• The Governing Council decided today to reduce the key ECB interest rates by a further 50 basis points
• The world economy has weakened substantially in recent months, affecting increasingly also emerging market economies
• In a climate of heightened uncertainty, a severe fall in world trade volumes has been accompanied by a pronounced decline in domestic demand in the euro area
• Euro area real GDP contracted markedly in the fourth quarter of 2008, by 1.5% on a quarterly basis
• Available data and survey indicators suggest that economic activity in the euro area remained weak in early 2009
• Both global and domestic demand will decline in 2009 but thereafter recover gradually
• The outlook for the economy continues to be surrounded by uncertainty
• The risks to the economic outlook now appear to be more balanced
• There may be stronger than anticipated positive effects, also on confidence, stemming from the extensive macroeconomic stimulus under way and reflecting other policy measures taken
• Annual HICP inflation has been steadily declining since the middle of 2008, when it reached a peak of 4.0%
• The decline in inflation since last summer primarily reflects the sharp falls in global commodity prices over this period
• Signs of a more broad-based reduction in inflationary risks are also increasingly emerging.
• Headline annual inflation rates are projected to decline further in the coming months, possibly temporarily reaching negative levels around mid-year
• A considerable degree of uncertainty surrounds the inflation projections
• The latest data and estimates provide further evidence of an ongoing deceleration in the underlying pace of monetary expansion in the euro area
• The further deceleration in underlying monetary dynamics has contrasted with the high month-to-month volatility of developments in M3 and its components which has been observed since the financial turmoil intensified in September 2008
• While annual M3 growth declined further, to 5.9%, in January 2009, the annual growth rate of the narrow aggregate M1, which includes the most liquid assets, rose to 5.2%.
• It appears that the substantial past reduction in the key ECB interest rates is increasingly being passed through to bank lending rates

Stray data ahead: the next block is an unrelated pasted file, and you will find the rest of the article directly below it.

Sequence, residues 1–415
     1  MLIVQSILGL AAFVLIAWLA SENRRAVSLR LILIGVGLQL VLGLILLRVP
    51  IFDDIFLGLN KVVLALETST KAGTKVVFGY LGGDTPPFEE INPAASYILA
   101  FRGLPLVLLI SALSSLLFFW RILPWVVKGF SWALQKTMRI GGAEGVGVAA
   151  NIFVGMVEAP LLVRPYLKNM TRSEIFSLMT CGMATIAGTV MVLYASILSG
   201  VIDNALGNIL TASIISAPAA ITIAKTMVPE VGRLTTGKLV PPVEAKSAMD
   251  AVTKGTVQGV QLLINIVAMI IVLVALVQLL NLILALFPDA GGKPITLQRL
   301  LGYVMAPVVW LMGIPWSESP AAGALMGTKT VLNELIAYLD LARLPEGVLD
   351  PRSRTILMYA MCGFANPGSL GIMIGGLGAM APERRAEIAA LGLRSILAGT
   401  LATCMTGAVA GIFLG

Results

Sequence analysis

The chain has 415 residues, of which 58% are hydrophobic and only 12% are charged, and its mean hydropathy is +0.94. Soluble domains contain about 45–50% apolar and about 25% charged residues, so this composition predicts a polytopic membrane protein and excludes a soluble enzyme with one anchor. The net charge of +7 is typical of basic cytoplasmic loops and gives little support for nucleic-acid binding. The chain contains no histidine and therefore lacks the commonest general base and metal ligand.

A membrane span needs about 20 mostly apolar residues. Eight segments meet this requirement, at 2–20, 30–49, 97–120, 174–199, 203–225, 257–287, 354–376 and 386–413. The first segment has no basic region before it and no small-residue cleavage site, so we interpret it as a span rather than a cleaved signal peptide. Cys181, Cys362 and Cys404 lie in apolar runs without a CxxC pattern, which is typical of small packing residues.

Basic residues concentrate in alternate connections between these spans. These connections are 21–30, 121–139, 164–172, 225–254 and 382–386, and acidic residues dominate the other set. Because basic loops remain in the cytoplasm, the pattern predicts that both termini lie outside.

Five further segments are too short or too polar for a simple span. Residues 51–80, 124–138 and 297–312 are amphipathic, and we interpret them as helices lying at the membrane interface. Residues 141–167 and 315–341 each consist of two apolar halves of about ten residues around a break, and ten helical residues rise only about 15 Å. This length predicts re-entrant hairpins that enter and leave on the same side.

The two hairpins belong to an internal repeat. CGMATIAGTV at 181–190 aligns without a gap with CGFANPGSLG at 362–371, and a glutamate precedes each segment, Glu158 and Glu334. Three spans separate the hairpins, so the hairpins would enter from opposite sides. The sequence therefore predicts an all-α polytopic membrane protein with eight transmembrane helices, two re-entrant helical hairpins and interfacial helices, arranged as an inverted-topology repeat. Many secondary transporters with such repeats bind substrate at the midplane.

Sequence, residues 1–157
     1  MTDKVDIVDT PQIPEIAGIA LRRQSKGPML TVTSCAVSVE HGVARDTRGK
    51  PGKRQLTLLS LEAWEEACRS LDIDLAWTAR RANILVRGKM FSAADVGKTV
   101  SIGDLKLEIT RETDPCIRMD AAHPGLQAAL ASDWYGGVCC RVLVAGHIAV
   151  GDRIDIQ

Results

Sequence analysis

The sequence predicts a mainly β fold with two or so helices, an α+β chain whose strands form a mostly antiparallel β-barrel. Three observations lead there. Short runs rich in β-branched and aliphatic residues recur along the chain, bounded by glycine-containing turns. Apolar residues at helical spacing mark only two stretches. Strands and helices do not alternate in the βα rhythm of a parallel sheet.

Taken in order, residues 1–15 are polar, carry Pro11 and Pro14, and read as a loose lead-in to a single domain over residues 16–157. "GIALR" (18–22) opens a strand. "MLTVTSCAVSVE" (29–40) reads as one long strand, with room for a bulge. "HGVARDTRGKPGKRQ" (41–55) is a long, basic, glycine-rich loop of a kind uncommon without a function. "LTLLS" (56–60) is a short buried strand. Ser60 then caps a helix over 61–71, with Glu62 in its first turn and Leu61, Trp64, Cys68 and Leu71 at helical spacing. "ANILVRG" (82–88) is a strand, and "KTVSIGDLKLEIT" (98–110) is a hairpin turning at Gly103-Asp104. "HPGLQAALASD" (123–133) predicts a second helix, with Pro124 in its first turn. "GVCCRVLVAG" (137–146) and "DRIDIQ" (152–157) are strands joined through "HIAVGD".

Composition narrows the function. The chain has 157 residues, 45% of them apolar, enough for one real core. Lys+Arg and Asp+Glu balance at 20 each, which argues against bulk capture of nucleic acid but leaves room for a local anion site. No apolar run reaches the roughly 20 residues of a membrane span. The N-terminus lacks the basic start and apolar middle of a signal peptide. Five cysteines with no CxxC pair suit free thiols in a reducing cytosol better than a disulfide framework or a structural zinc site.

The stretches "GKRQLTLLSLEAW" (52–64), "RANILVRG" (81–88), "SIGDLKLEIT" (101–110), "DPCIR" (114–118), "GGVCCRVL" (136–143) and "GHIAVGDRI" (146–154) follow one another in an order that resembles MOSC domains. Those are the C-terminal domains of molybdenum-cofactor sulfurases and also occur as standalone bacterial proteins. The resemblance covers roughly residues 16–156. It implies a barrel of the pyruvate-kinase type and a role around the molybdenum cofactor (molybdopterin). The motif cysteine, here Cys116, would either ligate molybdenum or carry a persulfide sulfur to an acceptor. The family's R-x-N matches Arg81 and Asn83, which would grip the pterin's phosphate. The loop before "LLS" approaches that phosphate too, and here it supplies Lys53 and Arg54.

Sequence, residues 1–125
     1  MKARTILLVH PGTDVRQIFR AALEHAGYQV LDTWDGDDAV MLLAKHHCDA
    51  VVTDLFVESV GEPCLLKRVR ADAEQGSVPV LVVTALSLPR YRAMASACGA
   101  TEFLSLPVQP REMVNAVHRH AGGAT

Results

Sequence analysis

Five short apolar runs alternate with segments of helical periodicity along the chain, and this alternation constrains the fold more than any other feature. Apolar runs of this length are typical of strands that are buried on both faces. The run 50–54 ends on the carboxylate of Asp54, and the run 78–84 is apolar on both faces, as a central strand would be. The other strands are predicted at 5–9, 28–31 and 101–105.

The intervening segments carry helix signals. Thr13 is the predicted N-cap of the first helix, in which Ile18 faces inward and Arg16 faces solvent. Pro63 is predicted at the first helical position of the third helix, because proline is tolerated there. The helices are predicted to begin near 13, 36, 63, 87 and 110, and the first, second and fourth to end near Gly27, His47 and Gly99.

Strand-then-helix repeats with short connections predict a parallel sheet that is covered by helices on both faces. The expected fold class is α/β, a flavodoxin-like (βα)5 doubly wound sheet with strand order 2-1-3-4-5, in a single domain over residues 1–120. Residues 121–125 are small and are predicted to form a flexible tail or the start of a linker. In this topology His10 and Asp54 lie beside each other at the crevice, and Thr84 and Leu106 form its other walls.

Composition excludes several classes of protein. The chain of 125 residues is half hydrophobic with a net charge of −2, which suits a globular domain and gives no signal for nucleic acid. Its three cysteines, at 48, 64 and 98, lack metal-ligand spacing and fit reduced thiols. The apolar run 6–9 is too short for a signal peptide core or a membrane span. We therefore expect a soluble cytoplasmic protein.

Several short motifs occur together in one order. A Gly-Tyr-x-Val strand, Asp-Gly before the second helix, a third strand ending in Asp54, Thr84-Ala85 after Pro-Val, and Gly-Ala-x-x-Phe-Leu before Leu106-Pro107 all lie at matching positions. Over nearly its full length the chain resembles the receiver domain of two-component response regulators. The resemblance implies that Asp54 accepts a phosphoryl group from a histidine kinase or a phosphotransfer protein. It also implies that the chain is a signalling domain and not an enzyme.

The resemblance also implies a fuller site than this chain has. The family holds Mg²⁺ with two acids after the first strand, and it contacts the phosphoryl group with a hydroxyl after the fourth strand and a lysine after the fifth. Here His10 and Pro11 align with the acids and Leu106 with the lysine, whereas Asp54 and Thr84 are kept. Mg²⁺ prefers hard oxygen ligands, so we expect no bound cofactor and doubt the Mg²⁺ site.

• The transmission mechanism of monetary policy is not significantly hampered in the euro area
• Updated stability programs and recent addenda confirm the prospect of a sharp and broad-based deterioration in euro area public finances
• The ECB supports the Commission’s intention to initiate excessive deficit procedures for several countries. This is crucial to preserve the credibility of the EU fiscal surveillance framework
• It is essential that government support measures do not distort competition and delay necessary structural adjustment
In addition to the introductory statement, Mr. Trichet also updated the Euro-area staff projections. There have been some major downgrades both in the GDP and in the inflation projections, mainly due to the marketable deterioration of the economic outlook.
The ECB forecasts that the economy would contract between 3.2% and 2.2% in 2009, down from December forecast of -1.0% to 0.0%. In 2010, the GDP forecast range from -0.7% to 0.7%. The CPI outlook had also been downgraded to 0.1% to 0.7% in 2009, much lower than the December estimates. In 2010, the ECB forecasts the CPI to range 0.6% to 1.4%. Despite the rather large downgrade in the CPI read, the Governing Council sees little risk of deflation in the coming period.
Overall, in the pre-written speech, Mr. Trichet did not say anything new from the last few meetings except that the risk for the economic outlook appears more balanced now. During the Question and Answers session, Mr. Trichet outlined that the Voting Council has not decided if the present 1.50% interest rate will be the bottom.
Many of the questions addressed during the Q&A session refered to the future of the monetary policy adopted by the central bank. Mr. Trichet did not provide a clear path ahead, but yet again referred to the drawbacks associated to a very low interest rate, also known as liquidity trap. Mr. Trichet said the bank is planning to implement a new “non-standard method”, but did not give any additional details about it. Another measure taken by the ECB, seen as a non-standard measure, is to expand the fixed rate procedures for an unlimited term, something that helped the Euro-area banking sector up until now.
During the press conference, the euro extended the decline against the greenback from the overnight session, and fell another 80 pips. However, in the last part of the press conference, when Eastern Europe was the main theme, the euro started again to gain ground, and recovered most of the pips lost earlier.